As a Hindu, I don’t really ‘do’ Christmas – happily, there’s no need for me to stress out about presents and cooking a big family meal! I do, however, very much ‘do’ the delicious treats that come with the festive period – especially mince pies.
I’ve always had shop-bought mince pies, but decided that, this year at least, I would attempt to bake them myself for a change. Having never even made pastry before (I know, I know), this seemed like a pretty huge challenge! So, after looking at quite a few different recipes, I settled on one particular source that I knew wouldn’t fail me – Dan Lepard’s Short & Sweet.
There are a couple of mincemeat recipes in the book – a ‘proper’ suet-based one and another quicker one that’s suitable for vegetarians. I (obviously) opted for the latter, called dark rich mincemeat. The method involves whisking together brown sugar, lemon zest and juice, dark ale (I used Marston’s Oyster Stout) and grated Bramley apple before adding spices (I used cinnamon, ground cloves and mixed spice), raisins (I used sultanas), dried cherries, prunes, currants and more apple and leaving it to thicken on the hob. You then stir in a few tablespoons of brandy or rum (I used Captain Morgan’s Spiced) at the end.
Dark ale + spiced rum + big pile of fruit =…
I made the mincemeat on Friday night. Yesterday, I steeled myself for my first ever attempt at pastry. I used the extra rich mince pies recipe in Short & Sweet, as opposed to the standard sweet shortcrust pastry recipe, as I was rather intrigued by the idea of adding cream cheese (yes, really!), ground almonds and baking powder to the pastry. The addition of these ingredients makes for a sturdier, cakier crust than a normal mince pie might have.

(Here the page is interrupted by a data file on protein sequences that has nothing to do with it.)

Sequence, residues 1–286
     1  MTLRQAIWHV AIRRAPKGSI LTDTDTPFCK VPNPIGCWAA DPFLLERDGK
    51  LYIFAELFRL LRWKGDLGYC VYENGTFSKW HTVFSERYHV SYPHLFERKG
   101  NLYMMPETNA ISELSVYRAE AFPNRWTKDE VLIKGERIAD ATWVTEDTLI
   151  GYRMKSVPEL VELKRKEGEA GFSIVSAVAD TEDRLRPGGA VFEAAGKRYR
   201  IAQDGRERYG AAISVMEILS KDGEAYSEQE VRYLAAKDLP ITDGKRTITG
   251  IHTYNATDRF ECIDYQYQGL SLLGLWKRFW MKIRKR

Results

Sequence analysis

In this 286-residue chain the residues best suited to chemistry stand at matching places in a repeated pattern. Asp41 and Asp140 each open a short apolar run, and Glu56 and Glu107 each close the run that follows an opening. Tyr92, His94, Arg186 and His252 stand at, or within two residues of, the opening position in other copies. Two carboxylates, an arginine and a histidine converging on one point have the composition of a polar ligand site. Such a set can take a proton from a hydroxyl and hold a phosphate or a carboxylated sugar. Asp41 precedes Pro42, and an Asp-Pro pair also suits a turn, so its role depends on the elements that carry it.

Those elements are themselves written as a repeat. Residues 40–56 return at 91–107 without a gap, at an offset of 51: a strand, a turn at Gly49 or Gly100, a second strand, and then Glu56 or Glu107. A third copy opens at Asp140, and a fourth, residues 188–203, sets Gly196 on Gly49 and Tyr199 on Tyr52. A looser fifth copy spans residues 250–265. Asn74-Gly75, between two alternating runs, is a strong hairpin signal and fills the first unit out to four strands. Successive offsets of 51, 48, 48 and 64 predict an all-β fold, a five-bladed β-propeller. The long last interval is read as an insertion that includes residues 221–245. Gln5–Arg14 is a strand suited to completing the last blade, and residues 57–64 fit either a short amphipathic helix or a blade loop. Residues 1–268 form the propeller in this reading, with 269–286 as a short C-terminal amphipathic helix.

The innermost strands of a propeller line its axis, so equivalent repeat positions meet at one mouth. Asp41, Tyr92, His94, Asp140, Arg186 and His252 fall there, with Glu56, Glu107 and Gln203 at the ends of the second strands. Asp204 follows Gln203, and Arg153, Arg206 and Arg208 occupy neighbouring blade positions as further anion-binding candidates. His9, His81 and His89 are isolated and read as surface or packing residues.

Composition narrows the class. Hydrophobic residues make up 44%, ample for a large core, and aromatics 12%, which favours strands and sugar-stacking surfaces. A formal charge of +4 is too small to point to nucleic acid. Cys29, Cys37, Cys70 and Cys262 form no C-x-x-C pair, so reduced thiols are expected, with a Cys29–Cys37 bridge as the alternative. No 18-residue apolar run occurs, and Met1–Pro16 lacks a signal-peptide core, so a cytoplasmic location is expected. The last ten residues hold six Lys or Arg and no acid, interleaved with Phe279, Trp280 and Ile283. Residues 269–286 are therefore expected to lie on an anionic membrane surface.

The pastry-making went surprisingly well – I only had a near disaster when I realised I hadn’t cut out enough discs to go on top of the pies. Luckily, I had a small bit of pastry left over that I could just about roll out into the correct size! I think the dough could have been a bit smoother, but I had to grind some flaked almonds in a food processor, and they didn’t come out as fine as I’d have liked.
Filling the mince pies…
I initially followed the recipe by cutting out 10 and 8 cm discs, but as my tray was a little shallower than a standard muffin tray, I decided to switch to 9 and 7 cm discs after doing the first one. You can see the larger mince pie in the top left corner in the pic above. I was a little worried that I’d rolled the pastry out too thick, but it turned out to be just right what with using the smaller sized pastry discs.
Mince pies ready to go in the oven
The recipe required a hole to be cut into the lid of each pie, making them look a bit like pork pies, especially with the lack of fancy crimping around the edges. The holes help the steam escape from the middle during baking. I left them in the oven for the stated length of time – 25 minutes – but I probably should have checked on them earlier, as they came out a little browner than I’d hoped!
The browning didn’t matter, in the end. The pies were absolutely delicious; they did indeed feel very sturdy and the crust was pleasingly thick and a little cakey, due to the baking powder, I think. The filling was gorgeous – wonderfully rich, sweet and boozy. I had two warm from the oven and I nearly wept with joy at how lovely they were!
I’m very pleased with myself for making these, and for managing to make pastry for the first time! I would heartily recommend the recipes for both the mincemeat and pastry if you like the idea of a rustic-looking mince pie with a bit of heft (and aren’t at all bothered about calories…).
Both the mincemeat and pastry recipes are from Short & Sweet by Dan Lepard. They’re also available online here (mincemeat) and here (pastry).